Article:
Final

Series: Game 1 of 3

Minnesota leads 1-0 (as of 8/3)

Game 1: Tuesday, August 3
Anaheim0Final
Minnesota10
Game 2: Wednesday, August 4
Anaheim3Final
Minnesota6
Game 3: Thursday, August 5
Anaheim8Final
Minnesota3

Angels 0

(57-49, 27-25 away)

Twins 10

(60-45, 31-23 home)

    8:10 PM ET, August 3, 2004

    Mall of America Field, Minneapolis, Minnesota 

    123456789 R H E
    ANA 000000000 0 10 0
    MIN 00030421 - 10 11 1

    W: C. Silva (10-7)

    L: J. Lackey (9-10)

    Silva pitches first complete-game shutout

    MINNEAPOLIS (AP) -- Carlos Silva was so enthused about his first career complete game and shutout that he chucked what would've been a nice souvenir into the stands.

    Backed by sound defense and a burst of power, Silva and the Minnesota Twins beat the Anaheim Angels 10-0 Tuesday night. After covering first base to record the final out on a 3-6-1 double play, the always-emotional Silva whirled and heaved the ball well into the upper deck above third base.

    It was a move that slightly tarnished his feat and steamed manager Ron Gardenhire, who said he would apologize to colleague Mike Scioscia.

    "Very unprofessional -- that's not the way we do things here," Gardenhire said. "He knew that was wrong. That's embarrassing to the other team."

    The Twins hit four home runs and tied a team record by turning six double plays, winning for the 12th time in 14 games and handing the Angels just their second loss in seven games.

    Torii Hunter homered to left, Jacque Jones singled and Corey Koskie homered to right on consecutive pitches in the fourth. Justin Morneau added a two-run homer in the seventh, and Henry Blanco hit a solo shot in the eighth.

    Neither Scioscia nor Anaheim players mentioned anything after the game about Silva's display. They were just frustrated by the missed chances.

    "It's uncharacteristic of our offense," Scioscia said. "We're usually very aggressive and can avoid the double plays for the most part. Tonight, it didn't matter where we were hitting them."

    Silva (10-7), making his 22nd career start, gave up 11 hits, struck out three and walked two. After entering the clubhouse, he immediately approached pitching coach Rick Anderson and admitted his mistake.

    "I don't know why I threw the ball," Silva said. "I think a lot of people don't like that. If they don't like it, I apologize."

    Blanco and Shannon Stewart each had two RBI in a four-run sixth against John Lackey (9-10), who allowed seven runs and seven hits in 5 2-3 innings. He walked three, hit two batters and struck out six.

    After winning his first five decisions this season, Silva has been up and down. A groundball pitcher who relies on his sinker, and not strikeouts, Silva is prone to giving up lots of hits -- he put nine runners on in the first five innings.

    But he's also shown an ability to escape trouble and pitch deep into games. Some of that comes from his aggressive nature, the same trait that caused the outburst.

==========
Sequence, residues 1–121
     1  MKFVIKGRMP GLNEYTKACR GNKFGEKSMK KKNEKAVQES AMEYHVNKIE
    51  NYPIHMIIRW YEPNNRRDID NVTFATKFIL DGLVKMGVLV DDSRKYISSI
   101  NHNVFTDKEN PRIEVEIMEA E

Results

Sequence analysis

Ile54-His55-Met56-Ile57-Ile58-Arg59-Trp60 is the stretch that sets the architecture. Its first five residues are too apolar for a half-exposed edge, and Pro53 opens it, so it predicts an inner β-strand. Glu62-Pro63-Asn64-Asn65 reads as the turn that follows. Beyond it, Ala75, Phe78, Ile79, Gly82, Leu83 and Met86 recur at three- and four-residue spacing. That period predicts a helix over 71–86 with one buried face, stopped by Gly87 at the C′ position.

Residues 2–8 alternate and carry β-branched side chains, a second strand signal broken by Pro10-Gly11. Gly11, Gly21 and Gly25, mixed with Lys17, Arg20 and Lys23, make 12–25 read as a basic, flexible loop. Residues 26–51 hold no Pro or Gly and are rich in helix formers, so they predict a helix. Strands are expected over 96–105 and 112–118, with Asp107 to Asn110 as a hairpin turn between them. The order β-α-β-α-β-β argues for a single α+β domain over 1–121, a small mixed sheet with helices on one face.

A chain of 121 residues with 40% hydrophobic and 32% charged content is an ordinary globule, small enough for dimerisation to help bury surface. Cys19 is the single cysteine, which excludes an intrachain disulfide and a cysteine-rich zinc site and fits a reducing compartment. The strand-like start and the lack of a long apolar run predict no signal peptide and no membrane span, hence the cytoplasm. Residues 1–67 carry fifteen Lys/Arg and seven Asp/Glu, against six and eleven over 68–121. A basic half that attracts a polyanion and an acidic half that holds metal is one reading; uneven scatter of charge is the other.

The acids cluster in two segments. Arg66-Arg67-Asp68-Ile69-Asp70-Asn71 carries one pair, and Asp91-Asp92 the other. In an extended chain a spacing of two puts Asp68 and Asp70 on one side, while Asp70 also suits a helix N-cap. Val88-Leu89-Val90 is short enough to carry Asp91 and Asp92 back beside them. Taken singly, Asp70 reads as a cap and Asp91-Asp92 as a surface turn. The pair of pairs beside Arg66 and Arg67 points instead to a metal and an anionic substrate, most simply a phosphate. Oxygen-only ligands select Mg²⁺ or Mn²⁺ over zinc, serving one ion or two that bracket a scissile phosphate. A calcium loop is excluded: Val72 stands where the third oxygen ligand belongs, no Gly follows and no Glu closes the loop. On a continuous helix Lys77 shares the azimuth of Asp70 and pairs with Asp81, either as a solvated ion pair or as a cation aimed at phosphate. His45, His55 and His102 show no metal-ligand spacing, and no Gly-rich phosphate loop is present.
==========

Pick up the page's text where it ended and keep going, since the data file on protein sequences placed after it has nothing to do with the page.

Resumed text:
"That's part of learning," Anderson said.

    The Angels could easily have built an early lead, but the Twins bailed out Silva by turning nifty double plays in each of the first four innings.

    Vladimir Guerrero grounded into a 6-4-3 double play to end the first with runners on first and second. Robb Quinlan's line drive with two on and nobody out in the second was caught by Luis Rivas at second base, who flipped to shortstop Cristian Guzman to double up Jose Guillen.

    Morneau snagged a liner by Chone Figgins to first with one on and one out in the third, stepping on first to retire Jose Molina. And with two on and one out in the fourth, Darin Erstad bounced into a 4-6-3 double play.

    "He kept the ball down and didn't keep it in the zone too much," Figgins said. "When you do that and get hitters to chase, you get outs."

    After a 1-2-3 fifth, Lackey lost control in the sixth -- sandwiching a walk between two hit batters that loaded the bases. Blanco blooped a single into shallow left-center field to drive in two and make it 5-0.

    Rivas walked one out later, and Stewart sent a double down the right-field line to score two more and send Lackey to the clubhouse.

    Lackey was 5-2 over his last 10 starts and was coming off an eight-inning, three-hit, no-run outing at home against Texas last week. He's struggled mightily on the road, though, this year -- he has a 6.36 ERA in 69 1-3 innings.

    "I'm only disappointed by about three pitches all night," Lackey said. "The two homers, and the last pitch to Stewart I left up. Other than that, I thought I threw the ball pretty decent."

    Game notes


    Quinlan, the AL's rookie of the month for July, extended his hitting streak to 14 games. That's the longest by an Anaheim rookie since Bengie Molina hit in 14 straight in 2000. ... Minnesota SS Jason Bartlett, who made his major league debut in the eighth, had a throwing error and struck out. ... The Twins' six double plays tied a team record, set first at Boston on July 18, 1990.

    Copyright by STATS LLC and The Associated Press

    SPONSORED HEADLINES